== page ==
In their cell, Tex is having an existential crisis due to Rachel’s kiss with Chandler, but Tom reveals that she passed an exacto razor blade and a note telling them the assault would begin at 0400.  At the designated time, Chandler calls the guard over to let him go to the head, whereupon he and Tex grab the guy, slit his throat, and escape.  They go through the ship, knocking off sleepy Russians and gathering weapons.  The tactical team has also snuck aboard, and they’ve killed a bunch of engineers and have rigged the non-nuclear half of the steam plant to blow.  They hook up with Chandler and Tex, who proceed to go find Rachel.  She’s still in the cruiser’s makeshift virology lab, waiting for either her patient to live or die.  But the Russians have realized that Chandler and Tex have escaped, so they go for her.  She pulls a .45 she had secreted away and kills the officer sent to fetch her, just before the tactical team comes in and rescue her. We finish with a running gun battle, triggered explosions going off all over the ship.  Chandler makes it a point to rescue Quincy’s family and they all get off before the Russian missiles explode within their tubes.  During the firefight, the ostracized enlisted man from last week proves himself, but gets shot and dies.  They all make it back to the ship, fade to black.

The Goods:  Ruskov calls Chandler out on his egotastic propensity to go on tactical missions when he should have his men lead.  XO Slattery being all crafty and planning out the perfect op to take out the superior Russian cruiser from within (Adam Baldwin RULES!).  The kiss, and Tex’s reaction to it, both at the time and later.  Ruskov (I hope he survived . . . .).  Guns!  Explosions!  USA, USA!!  Quincy getting reunited with his family and the surely awkward conversation that followed immediately after when his ass was placed back in custody.  Rachel Scott kickin’ ass, and shooting first, silencer or no silencer.  And the bittersweet ending, with our ostracized crewmember proving himself in the end, then getting killed.  The lack of any hint of engineering detail (except CONAS) and the COMPLETE lack of any sexy LT 1 & 2 nonsense.  This episode was not emotionally deep like episode 6, but it kicked the most ass since episode 2.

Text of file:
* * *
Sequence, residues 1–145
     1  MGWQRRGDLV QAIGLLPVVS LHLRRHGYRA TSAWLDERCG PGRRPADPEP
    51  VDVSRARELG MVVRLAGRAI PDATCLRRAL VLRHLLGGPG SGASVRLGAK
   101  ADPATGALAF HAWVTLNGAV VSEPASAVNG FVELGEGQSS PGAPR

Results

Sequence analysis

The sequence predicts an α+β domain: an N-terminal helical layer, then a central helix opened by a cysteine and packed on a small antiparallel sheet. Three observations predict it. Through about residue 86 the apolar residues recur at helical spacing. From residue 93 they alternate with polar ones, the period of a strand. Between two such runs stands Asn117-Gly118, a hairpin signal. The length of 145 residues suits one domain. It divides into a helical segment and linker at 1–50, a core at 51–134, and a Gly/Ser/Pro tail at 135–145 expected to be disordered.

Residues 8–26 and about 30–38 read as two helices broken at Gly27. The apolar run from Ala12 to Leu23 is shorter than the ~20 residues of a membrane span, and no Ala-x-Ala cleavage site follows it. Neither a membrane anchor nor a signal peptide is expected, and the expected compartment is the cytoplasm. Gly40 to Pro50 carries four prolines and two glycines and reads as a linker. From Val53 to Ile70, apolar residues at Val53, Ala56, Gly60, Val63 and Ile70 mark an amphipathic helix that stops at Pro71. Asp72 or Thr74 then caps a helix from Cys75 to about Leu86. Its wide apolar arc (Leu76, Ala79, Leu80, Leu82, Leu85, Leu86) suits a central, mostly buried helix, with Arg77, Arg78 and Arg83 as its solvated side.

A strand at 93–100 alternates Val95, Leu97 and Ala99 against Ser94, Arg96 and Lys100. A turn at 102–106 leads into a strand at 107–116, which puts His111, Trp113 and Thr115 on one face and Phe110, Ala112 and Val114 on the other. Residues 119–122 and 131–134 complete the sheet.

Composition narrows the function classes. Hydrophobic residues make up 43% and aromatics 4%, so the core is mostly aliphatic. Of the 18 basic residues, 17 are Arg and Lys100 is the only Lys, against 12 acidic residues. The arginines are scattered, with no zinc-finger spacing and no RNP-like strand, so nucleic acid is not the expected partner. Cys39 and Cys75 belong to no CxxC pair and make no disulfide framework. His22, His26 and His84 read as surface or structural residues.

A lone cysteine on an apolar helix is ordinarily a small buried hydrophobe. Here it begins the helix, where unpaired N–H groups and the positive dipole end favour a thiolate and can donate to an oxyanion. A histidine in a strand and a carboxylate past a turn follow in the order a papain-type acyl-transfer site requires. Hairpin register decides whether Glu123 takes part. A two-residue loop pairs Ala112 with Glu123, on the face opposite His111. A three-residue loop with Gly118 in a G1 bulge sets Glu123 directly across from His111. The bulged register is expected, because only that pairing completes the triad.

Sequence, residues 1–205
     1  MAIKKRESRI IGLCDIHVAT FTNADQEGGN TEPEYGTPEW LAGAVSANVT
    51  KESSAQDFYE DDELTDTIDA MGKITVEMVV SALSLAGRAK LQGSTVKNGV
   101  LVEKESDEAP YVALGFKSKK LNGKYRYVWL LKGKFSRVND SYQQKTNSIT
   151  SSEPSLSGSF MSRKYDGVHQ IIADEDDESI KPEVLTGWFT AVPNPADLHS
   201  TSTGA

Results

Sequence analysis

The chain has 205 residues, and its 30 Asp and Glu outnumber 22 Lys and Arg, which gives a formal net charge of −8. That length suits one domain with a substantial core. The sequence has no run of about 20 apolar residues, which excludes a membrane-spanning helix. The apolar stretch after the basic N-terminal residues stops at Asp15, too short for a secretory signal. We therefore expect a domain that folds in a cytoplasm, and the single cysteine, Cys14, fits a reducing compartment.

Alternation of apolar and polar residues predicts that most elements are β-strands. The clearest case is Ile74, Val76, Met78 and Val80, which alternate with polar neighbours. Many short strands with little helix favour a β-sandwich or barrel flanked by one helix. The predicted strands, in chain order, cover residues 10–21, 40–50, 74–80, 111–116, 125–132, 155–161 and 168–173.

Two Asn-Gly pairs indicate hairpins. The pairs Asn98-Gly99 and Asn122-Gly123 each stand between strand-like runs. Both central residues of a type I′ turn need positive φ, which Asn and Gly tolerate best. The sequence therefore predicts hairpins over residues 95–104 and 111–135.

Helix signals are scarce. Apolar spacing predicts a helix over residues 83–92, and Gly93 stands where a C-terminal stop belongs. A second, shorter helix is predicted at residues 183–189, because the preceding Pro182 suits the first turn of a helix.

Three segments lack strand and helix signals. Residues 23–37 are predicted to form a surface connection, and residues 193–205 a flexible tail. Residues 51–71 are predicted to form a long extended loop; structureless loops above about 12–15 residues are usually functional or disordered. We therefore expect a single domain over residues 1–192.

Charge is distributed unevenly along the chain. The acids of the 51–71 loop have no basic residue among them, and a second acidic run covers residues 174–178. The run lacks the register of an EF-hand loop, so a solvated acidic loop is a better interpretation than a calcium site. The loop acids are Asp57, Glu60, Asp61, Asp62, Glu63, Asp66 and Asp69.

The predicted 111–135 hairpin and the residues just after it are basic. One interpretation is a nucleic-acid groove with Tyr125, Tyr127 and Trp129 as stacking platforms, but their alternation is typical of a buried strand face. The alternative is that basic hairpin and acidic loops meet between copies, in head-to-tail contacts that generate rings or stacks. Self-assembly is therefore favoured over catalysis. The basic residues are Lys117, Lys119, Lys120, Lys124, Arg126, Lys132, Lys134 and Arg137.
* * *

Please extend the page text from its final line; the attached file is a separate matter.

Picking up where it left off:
The Less Goods:  Having a WW-II battleship stand in for a modern Russian battlecruiser.  Guys, I get that you need a ship to film on, but did you have to include a tracking shot that CLEARLY includes turrets of triple 16″ guns.  Were you aware there is an ACTUAL Russian frigate up in the Fall River, MA naval museum?  I realize it is smallish, but you can’t get more accurate than the real thing!  Having everyone escape from said battleship while it is CLEARLY still moored to something.  The mechanics of the vaccine test, in that I’m pretty sure you can’t be exposed to both the vaccine AND the deadly virus near simultaneously and have a reasonable expectation of immunity.  And while I appreciate XO Slattery being more decisive this week than last, I wish he’d been MORE deadly and take-charge.  Adam Baldwing HAS the acting chops.  Release the BADASS!  I don’t hold it against him.  It’s the way the character is written and he is portrayed fine, but he could be SO MUCH MORE!  Moving on, the Russians have no waterside security, no radar, no lookouts, and can’t shoot worth a damn.  How did they get to be a super-power, again?  The gunbattle is  fun, but WAY too un-realistic.  Not enough character interaction in this ep, but that’s okay.  This sort of thing is all about the spectacle, and of that, this one has LOADS.

Now, with so many things wrapped up, I’m thinking the last two eps this season have GOT to turn everything topsy-turvy . . . AND I CAN’T WAIT!

 

The Last Ship, Episode 5: “El Toro” Review

Thank the gods of action TV tropes!  This was not a groundbreaking episode, but it was a good ‘un, and a definite breath of fresher air after the implausible series nadir of last week.